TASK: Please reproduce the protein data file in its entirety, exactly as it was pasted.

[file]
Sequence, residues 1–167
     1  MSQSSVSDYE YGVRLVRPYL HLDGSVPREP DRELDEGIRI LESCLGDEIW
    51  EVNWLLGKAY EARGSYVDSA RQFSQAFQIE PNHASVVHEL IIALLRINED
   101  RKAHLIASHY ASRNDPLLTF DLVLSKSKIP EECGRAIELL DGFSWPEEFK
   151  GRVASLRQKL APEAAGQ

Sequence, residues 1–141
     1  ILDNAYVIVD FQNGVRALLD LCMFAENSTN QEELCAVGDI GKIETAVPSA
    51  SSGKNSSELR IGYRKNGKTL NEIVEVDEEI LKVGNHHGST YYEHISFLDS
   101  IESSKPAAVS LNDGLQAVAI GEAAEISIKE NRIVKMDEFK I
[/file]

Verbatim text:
Sequence, residues 1–167
     1  MSQSSVSDYE YGVRLVRPYL HLDGSVPREP DRELDEGIRI LESCLGDEIW
    51  EVNWLLGKAY EARGSYVDSA RQFSQAFQIE PNHASVVHEL IIALLRINED
   101  RKAHLIASHY ASRNDPLLTF DLVLSKSKIP EECGRAIELL DGFSWPEEFK
   151  GRVASLRQKL APEAAGQ

Sequence, residues 1–141
     1  ILDNAYVIVD FQNGVRALLD LCMFAENSTN QEELCAVGDI GKIETAVPSA
    51  SSGKNSSELR IGYRKNGKTL NEIVEVDEEI LKVGNHHGST YYEHISFLDS
   101  IESSKPAAVS LNDGLQAVAI GEAAEISIKE NRIVKMDEFK I